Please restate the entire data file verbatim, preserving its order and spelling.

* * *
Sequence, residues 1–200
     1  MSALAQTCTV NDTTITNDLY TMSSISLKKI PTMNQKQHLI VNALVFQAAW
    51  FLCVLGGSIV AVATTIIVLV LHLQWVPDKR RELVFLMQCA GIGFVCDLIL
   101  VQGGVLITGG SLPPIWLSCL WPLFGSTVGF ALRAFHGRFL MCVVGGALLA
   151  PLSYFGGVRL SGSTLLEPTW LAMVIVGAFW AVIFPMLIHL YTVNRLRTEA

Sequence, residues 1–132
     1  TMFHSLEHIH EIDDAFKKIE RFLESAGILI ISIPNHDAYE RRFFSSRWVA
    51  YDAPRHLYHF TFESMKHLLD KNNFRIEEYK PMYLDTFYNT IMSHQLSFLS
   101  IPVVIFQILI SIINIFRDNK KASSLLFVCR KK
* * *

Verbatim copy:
Sequence, residues 1–200
     1  MSALAQTCTV NDTTITNDLY TMSSISLKKI PTMNQKQHLI VNALVFQAAW
    51  FLCVLGGSIV AVATTIIVLV LHLQWVPDKR RELVFLMQCA GIGFVCDLIL
   101  VQGGVLITGG SLPPIWLSCL WPLFGSTVGF ALRAFHGRFL MCVVGGALLA
   151  PLSYFGGVRL SGSTLLEPTW LAMVIVGAFW AVIFPMLIHL YTVNRLRTEA

Sequence, residues 1–132
     1  TMFHSLEHIH EIDDAFKKIE RFLESAGILI ISIPNHDAYE RRFFSSRWVA
    51  YDAPRHLYHF TFESMKHLLD KNNFRIEEYK PMYLDTFYNT IMSHQLSFLS
   101  IPVVIFQILI SIINIFRDNK KASSLLFVCR KK